Less Effective Mailing Piece

Monday, October 15, 2007

Less Effective Mailing Piece

Another well-produced giant postcard from Democratic candidate for Southampton Town Supervisor Jim Henry arrived this weekend, but this one noticeably as short on "substance" as the first one was full!

Again using the same theme of a photo of a local resident, this one a senior citizen barber named "Marty G.," the message again takes a joint whack at Mr. Henry's main opponents, Republicans Linda Kabot and Supervisor Pat "Skip" Heaney (running on the Conservative line).

But the message is vaguely delivered, and lacks the type of impact the very germane hot topic of "Pay-to-Play" deserves. The mailing piece makes it a little clearer what Mr. Henry intends on the other side:

Pay-to-play politics:
Skip Heaney does it,
Linda Kabot allows it.
I will put an end to it.

Mr. Henry is talking about graft and kick-backs, but he pussy-foots around the subject because he must not have anything solid.

(It also means that his people haven't done their homework on the sources of Mr. Heaney's enormous campaign war chest, or looked very closely at l'affaire Ferrara from a decade ago.)

The New York Times of December 13, 1998 reported:

"Last week, a Federal grand jury{sic} ac­quitted a Southampton businessman, Eric Ferrara, of charges of trying to bribe town officials to approve a 360-foot-high radio broadcast tower he sought to construct.

In reaching the verdict, the jury was not persuaded by tape-recordings of Mr. Ferrara offering money. Nor was it swayed by tes­timony from Town supervisor Vincent Can­nuscio and council members who said Mr. Ferrara tried to bribe them.

The furious town officials said last week the verdict left the impression that they solicited the bribes."

What else might one infer, particularly since the core of Mr. Ferrara's defense was that he'd been the victim of extortion? One local at­tend­ee of the trial was un­equiv­ocal:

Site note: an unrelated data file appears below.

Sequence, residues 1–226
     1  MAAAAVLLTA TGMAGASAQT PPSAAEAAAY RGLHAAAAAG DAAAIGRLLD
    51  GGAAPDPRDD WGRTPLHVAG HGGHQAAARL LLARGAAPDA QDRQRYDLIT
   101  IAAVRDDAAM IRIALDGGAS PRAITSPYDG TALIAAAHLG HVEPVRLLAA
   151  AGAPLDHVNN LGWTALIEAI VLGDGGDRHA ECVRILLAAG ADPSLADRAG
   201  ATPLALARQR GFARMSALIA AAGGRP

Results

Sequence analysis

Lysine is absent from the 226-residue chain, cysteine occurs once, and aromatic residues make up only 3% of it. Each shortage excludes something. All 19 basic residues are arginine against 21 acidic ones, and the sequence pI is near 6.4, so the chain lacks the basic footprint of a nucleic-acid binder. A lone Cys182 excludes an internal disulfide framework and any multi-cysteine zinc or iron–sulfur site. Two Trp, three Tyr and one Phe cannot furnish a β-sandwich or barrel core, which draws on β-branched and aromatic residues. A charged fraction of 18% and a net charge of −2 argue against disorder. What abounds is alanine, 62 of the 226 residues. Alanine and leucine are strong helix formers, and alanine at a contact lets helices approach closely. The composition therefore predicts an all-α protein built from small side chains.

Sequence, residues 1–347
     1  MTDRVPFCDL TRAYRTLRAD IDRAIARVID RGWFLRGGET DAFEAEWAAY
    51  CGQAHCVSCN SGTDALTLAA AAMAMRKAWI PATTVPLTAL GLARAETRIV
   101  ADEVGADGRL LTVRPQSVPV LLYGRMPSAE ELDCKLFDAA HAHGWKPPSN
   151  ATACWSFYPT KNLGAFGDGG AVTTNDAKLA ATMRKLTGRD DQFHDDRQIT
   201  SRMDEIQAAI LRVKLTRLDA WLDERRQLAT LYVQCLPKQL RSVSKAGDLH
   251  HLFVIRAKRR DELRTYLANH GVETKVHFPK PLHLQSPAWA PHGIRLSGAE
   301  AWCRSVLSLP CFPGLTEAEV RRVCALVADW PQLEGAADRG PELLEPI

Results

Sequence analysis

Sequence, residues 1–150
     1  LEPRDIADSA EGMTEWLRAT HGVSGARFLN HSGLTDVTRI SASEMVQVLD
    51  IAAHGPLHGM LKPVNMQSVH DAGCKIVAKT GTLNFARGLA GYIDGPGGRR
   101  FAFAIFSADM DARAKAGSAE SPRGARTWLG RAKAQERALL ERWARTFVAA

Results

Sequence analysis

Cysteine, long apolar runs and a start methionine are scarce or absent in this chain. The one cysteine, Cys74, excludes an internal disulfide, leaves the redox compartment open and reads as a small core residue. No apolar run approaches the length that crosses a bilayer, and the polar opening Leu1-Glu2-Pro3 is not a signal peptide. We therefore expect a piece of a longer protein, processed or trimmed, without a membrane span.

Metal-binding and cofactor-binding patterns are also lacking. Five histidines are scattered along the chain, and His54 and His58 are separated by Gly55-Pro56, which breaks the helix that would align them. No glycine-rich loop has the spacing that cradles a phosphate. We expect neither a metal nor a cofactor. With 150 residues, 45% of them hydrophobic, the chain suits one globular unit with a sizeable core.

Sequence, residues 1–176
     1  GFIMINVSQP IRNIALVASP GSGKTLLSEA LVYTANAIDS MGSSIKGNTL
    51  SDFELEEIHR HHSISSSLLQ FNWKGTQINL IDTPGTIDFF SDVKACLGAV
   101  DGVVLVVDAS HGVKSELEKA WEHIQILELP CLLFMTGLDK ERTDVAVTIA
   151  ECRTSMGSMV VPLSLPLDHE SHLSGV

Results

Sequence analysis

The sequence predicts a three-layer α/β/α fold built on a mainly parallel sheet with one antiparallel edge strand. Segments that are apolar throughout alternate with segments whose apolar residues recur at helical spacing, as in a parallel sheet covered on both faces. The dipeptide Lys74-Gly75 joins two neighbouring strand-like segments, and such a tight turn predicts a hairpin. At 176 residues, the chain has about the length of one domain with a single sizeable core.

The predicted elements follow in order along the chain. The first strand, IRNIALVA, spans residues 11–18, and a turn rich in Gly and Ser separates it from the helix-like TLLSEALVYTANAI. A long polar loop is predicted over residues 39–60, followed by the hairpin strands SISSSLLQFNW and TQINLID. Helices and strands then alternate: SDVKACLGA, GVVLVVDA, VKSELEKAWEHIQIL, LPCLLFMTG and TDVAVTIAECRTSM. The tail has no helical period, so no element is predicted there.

"It was impossible to watch the courtroom proceedings and not feel that the wrong party was on trial!"

(For the record, the Federal Grand Jury had already handed up an indictment, Mr. Ferrara had gone to trial in Federal Court in Haupaugue and it was there that he was acquited. The Town "offi­cials" involved were Supervisor Cannus­cio and Council­men Steve Halsey and Patrick "Skip" Heaney Jr.

Contacted at his new home in Florida, Mr. Ferrara declined to comment per the terms of the settlement of his lawsuit against the Southampton Town Board for, among other things, civil rights violations and defamation of character.)

Now no one has ever seriously considered that the type of political corruption which is reveal­ed on almost a tri-annual basis in the Town­ships of Brookhaven, Islip and sometimes Babylon, is at work in Southampton, but ugly rumors of a quid pro quo for doing business or obtaining land-use approvals in the Town have persisted for years.

That's what Mr. Henry is attempting to imply, having neither the testicularity or, more im­portantly, anything substantive, to come right out and say it.

So, when is Mrs. Kabot going to make her initial Town-wide mailing, and what tact will she take?


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